I am deeply embroiled and simultaneously up-to-date with my reading for school.

Glass half full or half empty? You be the judge.

Or not. I always thought that was a stupid question anyways. Water is matter, and so is air, right? If that is the case then the glass is fully full. In fact, both water and air are made up of more or less the same kinds of elements, so I guess you could say that it's actually two thirds (ish) full of hydrogen and that most of the rest of it is filled with oxygen with a bit of other stuff mixed in. Either way, the glass is full.

But then if you consider that there is more space between atoms than the space that they take up, the glass (meaning both the space within the glass and the glass itself) is mostly empty space, as is the rest of the universe. Then the glass is empty.

I'm not even going to get into the question as to whether or not the glass is actually there at a given point in time, or whether or not it exists, or how we know or do not know that it is there or that it exists.

Either way, it's kind of a stupid question and a really poor test of optimism.

This isn't to say that I don't have other interesting things to say, or that I can't come up with a regular supply of them, but for the past month or so, they have been the sorts of things that really don't belong on the internet. They are things that I might only tell you if I fictionalized them and didn't bother to ever tell you which bits were true. Not necessarily bad things.

Sunday, January 18, 2009

Good help is hard to find


Sally helps me do my homework.

Today she disagrees with Miljan and Cooper's critique of Hackett and other critical theorists because she finds the idea that empirical studies of media bias and content could be carried out in a comprehensive manner to be very problematic. How on earth do you reduce words to numbers?

She also disagrees with the notion that using abstract, figurative and difficult to understand phrasing and concepts is a bad thing. Sally herself frequently uses complex and unintelligible words and it's never hurt anybody.

She took a brief interest in Edward Said's Orientalism earlier today, but then she got confused and went for a nap instead. She says she doesn't need to read theory about the racialized Other anyways because it is her everyday existence. Sometimes people even treat her like she's not human.

She suspects the problem is that she puts up with this because she has bought into the false-consciousness and hegemonic ideals and institutions that come with living in a westernized, capitalist state. She dislikes this society for its requiring her to take baths and for filling her ears with ear mite poison, as well as robbing her of the ability to go outdoors whenever she wants. Still, it provides easy access to beds and havarti cheese so she thinks she will postpone the revolution.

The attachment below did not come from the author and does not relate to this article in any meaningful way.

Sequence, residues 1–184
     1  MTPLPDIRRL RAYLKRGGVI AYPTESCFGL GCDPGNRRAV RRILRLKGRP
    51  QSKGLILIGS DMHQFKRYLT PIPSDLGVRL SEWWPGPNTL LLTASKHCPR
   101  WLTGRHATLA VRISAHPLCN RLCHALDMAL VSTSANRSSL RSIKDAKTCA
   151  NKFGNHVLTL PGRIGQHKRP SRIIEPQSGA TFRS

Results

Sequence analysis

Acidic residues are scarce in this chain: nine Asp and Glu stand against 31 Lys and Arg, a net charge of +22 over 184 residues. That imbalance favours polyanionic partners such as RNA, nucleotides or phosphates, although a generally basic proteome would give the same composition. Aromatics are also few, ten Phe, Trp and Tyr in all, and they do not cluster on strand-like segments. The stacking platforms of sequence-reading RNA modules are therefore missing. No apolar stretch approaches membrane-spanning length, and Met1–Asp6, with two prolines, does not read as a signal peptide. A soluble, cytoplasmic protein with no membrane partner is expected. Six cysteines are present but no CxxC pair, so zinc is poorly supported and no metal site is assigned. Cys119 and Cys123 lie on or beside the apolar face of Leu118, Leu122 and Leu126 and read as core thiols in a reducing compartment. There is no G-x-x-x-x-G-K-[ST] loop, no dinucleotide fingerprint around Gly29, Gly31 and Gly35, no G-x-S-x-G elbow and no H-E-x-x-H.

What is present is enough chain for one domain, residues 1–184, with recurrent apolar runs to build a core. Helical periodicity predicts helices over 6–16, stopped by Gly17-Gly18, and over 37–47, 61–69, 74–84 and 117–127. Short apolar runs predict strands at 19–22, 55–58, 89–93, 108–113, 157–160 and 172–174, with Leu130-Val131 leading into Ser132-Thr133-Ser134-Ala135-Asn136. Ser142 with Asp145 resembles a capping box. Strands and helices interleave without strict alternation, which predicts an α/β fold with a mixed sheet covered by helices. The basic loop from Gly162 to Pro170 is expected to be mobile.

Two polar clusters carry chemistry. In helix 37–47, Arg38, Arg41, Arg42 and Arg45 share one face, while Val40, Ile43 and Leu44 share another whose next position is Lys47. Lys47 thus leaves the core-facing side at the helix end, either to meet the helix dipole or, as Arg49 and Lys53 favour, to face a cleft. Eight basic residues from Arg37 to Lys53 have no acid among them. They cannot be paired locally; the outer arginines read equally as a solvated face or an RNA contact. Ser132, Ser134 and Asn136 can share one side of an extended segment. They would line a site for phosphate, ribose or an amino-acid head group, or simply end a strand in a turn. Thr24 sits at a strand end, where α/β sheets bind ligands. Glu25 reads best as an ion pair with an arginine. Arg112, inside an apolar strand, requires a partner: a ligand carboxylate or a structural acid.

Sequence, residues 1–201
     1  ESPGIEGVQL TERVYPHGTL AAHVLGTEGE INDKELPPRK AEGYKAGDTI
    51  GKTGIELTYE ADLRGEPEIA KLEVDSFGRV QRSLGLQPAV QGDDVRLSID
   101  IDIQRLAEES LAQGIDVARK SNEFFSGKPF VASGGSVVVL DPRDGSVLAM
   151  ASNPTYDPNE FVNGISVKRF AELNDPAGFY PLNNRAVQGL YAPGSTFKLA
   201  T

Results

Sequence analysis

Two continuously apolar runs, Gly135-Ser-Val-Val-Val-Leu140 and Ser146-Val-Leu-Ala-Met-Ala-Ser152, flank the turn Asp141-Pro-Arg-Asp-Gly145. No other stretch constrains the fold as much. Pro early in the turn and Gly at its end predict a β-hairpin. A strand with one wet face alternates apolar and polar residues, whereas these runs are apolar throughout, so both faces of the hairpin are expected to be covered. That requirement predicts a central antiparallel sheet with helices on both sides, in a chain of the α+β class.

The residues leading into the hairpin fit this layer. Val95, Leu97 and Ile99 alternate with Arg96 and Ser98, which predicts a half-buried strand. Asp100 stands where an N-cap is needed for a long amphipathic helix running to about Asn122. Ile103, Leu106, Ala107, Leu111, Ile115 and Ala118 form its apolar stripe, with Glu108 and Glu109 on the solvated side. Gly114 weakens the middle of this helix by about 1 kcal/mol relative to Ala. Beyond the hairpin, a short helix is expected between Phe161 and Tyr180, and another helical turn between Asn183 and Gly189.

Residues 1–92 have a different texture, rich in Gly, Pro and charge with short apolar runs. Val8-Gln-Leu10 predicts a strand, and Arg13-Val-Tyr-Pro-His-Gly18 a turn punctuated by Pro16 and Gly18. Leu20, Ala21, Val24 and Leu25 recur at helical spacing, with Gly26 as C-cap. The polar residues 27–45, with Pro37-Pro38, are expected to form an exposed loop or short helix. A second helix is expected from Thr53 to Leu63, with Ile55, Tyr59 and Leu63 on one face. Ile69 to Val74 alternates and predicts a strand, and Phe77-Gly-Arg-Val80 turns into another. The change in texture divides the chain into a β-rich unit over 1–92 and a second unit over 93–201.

Saturday, January 17, 2009

Eat something new every day.

Maple Ridge has a surprisingly large number of sushi restaurants, some better than others. One of the better is Hamada, which seems to be owned and/or managed by a lady with a severe perm and has staff that run. They do everything so fast.

Everything on the menu is good there. Well, mostly. The cheese roll is kind of weird because Kraft Singles do not a good roll of sushi make, but I don't think that's on the menu anymore.

Sometimes there are just too many things to choose so when in doubt, order the boat. It's instant variety for minimal effort.

We ordered Love Boat B and the waiter ran away to the kitchen. Shortly afterward, he ran back to inform us that the boat came with something else - was that okay? He spoke very quickly so it was kind of hard to make out what he said. He made a triangular gesture around his head. Fish head? Sure, why not?

There was nothing in the menu that mentioned fish heads anywhere so no one was quite sure. He ran out again to confirm.

The boat came out without anything really unusual on it, but once we had finished most of it off, someone else came out with a platter, announced it as the special and then quickly disappeared.

Fish head!

It had been cut in half and deep-fried so it was rather gruesome looking. We attacked with gusto, picking it apart with chopsticks trying to figure out which parts were edible. Deep-fried fish gills look kind of like black coiled springs. The outside was crispy and the inside was melt-in-your mouth delicious. My dad flicked the eye at me but I didn't eat it.

I found an egg-shaped piece of something kind of fatty that I ate. It was completely white and tasted really good. Salmon has white meat on it. Who knew?

The lady that came to take away the plate looked surprised. "You did really good!" she said. It was a pretty genuine compliment. I take it that the dish isn't always as well received.

Wednesday, January 14, 2009

How to locate scissors


If you are unable to locate a pair of scissors, buy another pair of scissors. Eventually you will be able to find some scissors. This is wisdom I learned from my father.

Monday, January 12, 2009